How can we spread awareness about menstrual hygiene amongst girls from low-income background?

Meet Keerthi, Aryan, Gowri and Srishti (Grade 9th)
Team Code Red, All Rounded Performance Award Winner

Keerthi, Aryan, Gowri and Srishti14-years old students, learnt girls from low-economic background do not have basic knowledge about Menstruation. This lack of knowledge and poor sanitary practices often affects their school attendance, performance and even health!

Idea

They began ideating on how they can solve this problem and came up with a few ideas. While discussing their ideas with their mentors, they realised they lacked an understanding of the problem. Hence, decided to first go to a government school and learn about the practices currently followed by the girls. And this helped! They learnt that the girls were given Sanitary Napkins by the government but did not know how to use the pad or how to track their cycles. 

Our plan is to conduct informative workshops with girls of as many government schools as possible. We want to enable them to reach their full potential and educating them is the key to that.

Solution Implemented

On the basis of their interactions with the girls, they designed an informative workshop to educate the girls. Once they were prepared, they went back to the schools and started conducting the sessions. They started the sessions by showing the girls an animated movie that explained everything about menstruation in detail. After this, they did a live demonstration to show how to use a sanitary napkin. Towards the end of the session, they gave each girl a Menstrual Hygiene Kit consisting of information pamphlets, calendar to track their cycles and a hot water bottle to reduce their pain during cramps. The cost of these kits came out to Rs. 7,200 in total, which they fundraised from their neighbours.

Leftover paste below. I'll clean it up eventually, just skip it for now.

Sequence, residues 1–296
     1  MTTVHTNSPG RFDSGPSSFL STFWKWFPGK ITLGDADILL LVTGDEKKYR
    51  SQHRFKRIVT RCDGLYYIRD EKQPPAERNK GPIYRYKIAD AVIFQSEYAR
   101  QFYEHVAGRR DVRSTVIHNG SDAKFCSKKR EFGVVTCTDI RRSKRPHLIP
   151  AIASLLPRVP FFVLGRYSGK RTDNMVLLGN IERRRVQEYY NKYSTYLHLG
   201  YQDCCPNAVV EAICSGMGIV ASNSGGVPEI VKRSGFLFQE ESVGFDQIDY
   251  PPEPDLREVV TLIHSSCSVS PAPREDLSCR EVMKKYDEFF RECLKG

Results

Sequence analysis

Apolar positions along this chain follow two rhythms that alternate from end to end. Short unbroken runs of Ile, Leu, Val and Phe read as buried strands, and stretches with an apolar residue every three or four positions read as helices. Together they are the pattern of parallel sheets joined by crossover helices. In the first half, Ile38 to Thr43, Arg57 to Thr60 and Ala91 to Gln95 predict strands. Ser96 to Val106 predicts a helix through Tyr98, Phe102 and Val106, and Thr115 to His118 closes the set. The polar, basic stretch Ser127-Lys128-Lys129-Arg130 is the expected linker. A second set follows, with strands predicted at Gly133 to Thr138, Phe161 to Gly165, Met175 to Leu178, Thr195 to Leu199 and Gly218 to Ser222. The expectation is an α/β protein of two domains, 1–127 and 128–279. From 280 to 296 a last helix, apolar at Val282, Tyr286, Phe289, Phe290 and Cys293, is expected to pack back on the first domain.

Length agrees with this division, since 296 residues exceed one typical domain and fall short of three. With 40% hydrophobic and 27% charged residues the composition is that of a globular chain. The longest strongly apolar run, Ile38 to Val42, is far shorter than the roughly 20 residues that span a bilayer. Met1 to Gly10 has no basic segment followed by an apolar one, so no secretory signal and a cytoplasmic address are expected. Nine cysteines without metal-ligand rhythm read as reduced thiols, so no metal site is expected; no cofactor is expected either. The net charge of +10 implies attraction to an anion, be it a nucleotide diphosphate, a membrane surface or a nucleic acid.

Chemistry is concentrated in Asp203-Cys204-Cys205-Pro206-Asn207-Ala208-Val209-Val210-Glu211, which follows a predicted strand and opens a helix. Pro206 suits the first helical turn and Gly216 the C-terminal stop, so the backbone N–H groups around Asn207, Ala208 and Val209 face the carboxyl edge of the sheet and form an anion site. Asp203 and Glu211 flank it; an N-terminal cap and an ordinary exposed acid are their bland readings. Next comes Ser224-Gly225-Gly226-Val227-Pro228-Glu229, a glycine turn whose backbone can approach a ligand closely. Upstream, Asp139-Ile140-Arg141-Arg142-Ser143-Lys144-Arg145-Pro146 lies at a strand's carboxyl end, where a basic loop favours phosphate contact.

We show the girls a video in their vernacular language that explains the science behind menstruation and the sanitation methods that should be followed during that time.

Impact Created

In a period of 4 months, they have conducted 12 workshops in over 8 government schools and orphanages. Through this, they have impacted over 500 girls. 

In a survey they conducted, 92% of the girls reported that the sessions were ‘very helpful’. They are now expanding their initiative to educate more and more girls. 

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